Google bans several beauty apps from the Play Store that redirect users to phishing websites, steal pictures and more

Android Malware

According to security researchers, several beauty camera apps on Google Play are capable of accessing remote ad configuration servers that can be used for malicious purposes. What’s not surprising is that some of these apps have millions of downloads given the popularity. A large number of the download counts originated from Asia, particularly in India.

Beauty Apps

A user can’t suspect any one of these apps immediately after downloading until after they decide to delete the app. These apps usually create a shortcut after being launched. However, it will hide its icon from the application list, making it more difficult for users to uninstall the app since it is hidden. Furthermore, these apps use packers to prevent them from being analyzed.

Not stopping there, these apps push several full-screen ads when users unlock their devices, including malicious ads (such as fraudulent content and pornography) that will pop up via the user’s browser. The analysis found that a paid pornography player detected as AndroidOS_PornPlayer.UHRXA that was downloaded when clicking the pop-up. None of these apps give any indication that they are the ones behind the ads, thus users might find it difficult to determine where they’re coming from.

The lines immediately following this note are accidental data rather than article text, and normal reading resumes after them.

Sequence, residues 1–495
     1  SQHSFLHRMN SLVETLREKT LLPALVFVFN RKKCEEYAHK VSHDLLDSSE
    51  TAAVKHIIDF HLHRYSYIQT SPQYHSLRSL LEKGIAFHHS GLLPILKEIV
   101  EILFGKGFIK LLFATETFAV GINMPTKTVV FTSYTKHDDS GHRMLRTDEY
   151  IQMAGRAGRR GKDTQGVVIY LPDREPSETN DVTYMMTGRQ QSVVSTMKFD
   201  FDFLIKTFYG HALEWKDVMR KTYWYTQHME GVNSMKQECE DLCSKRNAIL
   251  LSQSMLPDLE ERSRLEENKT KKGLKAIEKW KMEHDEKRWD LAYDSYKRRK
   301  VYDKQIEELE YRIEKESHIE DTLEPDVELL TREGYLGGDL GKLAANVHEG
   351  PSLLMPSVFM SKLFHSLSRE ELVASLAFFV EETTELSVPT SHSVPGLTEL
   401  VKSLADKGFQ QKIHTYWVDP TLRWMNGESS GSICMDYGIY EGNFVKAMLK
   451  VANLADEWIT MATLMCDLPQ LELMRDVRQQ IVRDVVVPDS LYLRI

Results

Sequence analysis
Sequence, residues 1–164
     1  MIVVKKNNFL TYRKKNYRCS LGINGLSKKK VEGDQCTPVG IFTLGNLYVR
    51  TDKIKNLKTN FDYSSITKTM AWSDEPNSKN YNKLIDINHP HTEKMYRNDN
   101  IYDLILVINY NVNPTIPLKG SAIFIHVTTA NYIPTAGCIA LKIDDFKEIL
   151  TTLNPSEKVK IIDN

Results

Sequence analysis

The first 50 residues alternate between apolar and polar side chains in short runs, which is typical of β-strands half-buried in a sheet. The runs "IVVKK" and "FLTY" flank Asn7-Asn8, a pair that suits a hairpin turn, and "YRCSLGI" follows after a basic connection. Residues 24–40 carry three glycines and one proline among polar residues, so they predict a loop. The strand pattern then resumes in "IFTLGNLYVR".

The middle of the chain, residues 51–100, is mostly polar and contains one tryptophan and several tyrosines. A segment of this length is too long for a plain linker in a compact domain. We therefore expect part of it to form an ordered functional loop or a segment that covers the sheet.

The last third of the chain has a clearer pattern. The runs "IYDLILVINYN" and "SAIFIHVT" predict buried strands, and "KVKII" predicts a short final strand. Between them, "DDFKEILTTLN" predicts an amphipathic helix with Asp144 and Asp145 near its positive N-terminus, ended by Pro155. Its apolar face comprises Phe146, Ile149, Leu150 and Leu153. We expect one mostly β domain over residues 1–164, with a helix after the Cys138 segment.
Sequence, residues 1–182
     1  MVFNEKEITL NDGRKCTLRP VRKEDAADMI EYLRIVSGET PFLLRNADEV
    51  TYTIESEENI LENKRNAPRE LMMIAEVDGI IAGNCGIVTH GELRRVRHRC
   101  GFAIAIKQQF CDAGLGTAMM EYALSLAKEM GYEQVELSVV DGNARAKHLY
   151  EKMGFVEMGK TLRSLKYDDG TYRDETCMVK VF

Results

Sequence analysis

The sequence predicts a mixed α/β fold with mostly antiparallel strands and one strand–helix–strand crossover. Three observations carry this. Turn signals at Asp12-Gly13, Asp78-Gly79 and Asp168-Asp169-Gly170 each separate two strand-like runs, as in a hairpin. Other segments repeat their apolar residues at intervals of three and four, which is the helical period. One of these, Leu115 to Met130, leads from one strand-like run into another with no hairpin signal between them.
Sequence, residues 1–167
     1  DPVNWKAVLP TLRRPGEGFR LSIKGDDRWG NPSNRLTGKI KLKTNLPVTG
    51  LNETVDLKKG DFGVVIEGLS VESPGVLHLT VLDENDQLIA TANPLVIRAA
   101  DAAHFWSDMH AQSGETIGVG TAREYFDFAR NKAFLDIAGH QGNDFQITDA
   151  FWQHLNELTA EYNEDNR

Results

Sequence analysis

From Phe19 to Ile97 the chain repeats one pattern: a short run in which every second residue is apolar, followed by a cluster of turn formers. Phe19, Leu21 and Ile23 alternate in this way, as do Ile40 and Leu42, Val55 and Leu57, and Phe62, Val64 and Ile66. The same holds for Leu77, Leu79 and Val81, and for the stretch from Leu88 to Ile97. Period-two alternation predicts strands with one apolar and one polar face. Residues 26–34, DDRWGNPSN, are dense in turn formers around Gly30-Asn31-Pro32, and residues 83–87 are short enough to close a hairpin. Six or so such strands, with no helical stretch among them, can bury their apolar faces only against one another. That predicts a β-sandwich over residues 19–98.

Beauty Apps

Some of these apps redirect to phishing websites that ask the user for personal information, such as addresses and phone numbers. The app will download an ad configuration from the remote servers and external URLs, which will analyze the target device to determine the advertisement’s behavior. The background service is then scheduled to parse the configuration and call the device browser.

Further investigation also led to another batch of photo filter-related apps that share similar behavior on Google Play. These apps seemingly allow users to “beautify” their pictures by uploading them to the designated server. However, instead of getting a final result with the edited photo, the user gets a picture with a fake update prompt in nine different languages. All the photos uploaded are collected by the apps and possibly use them for malicious purposes. However, Google has already taken down these apps.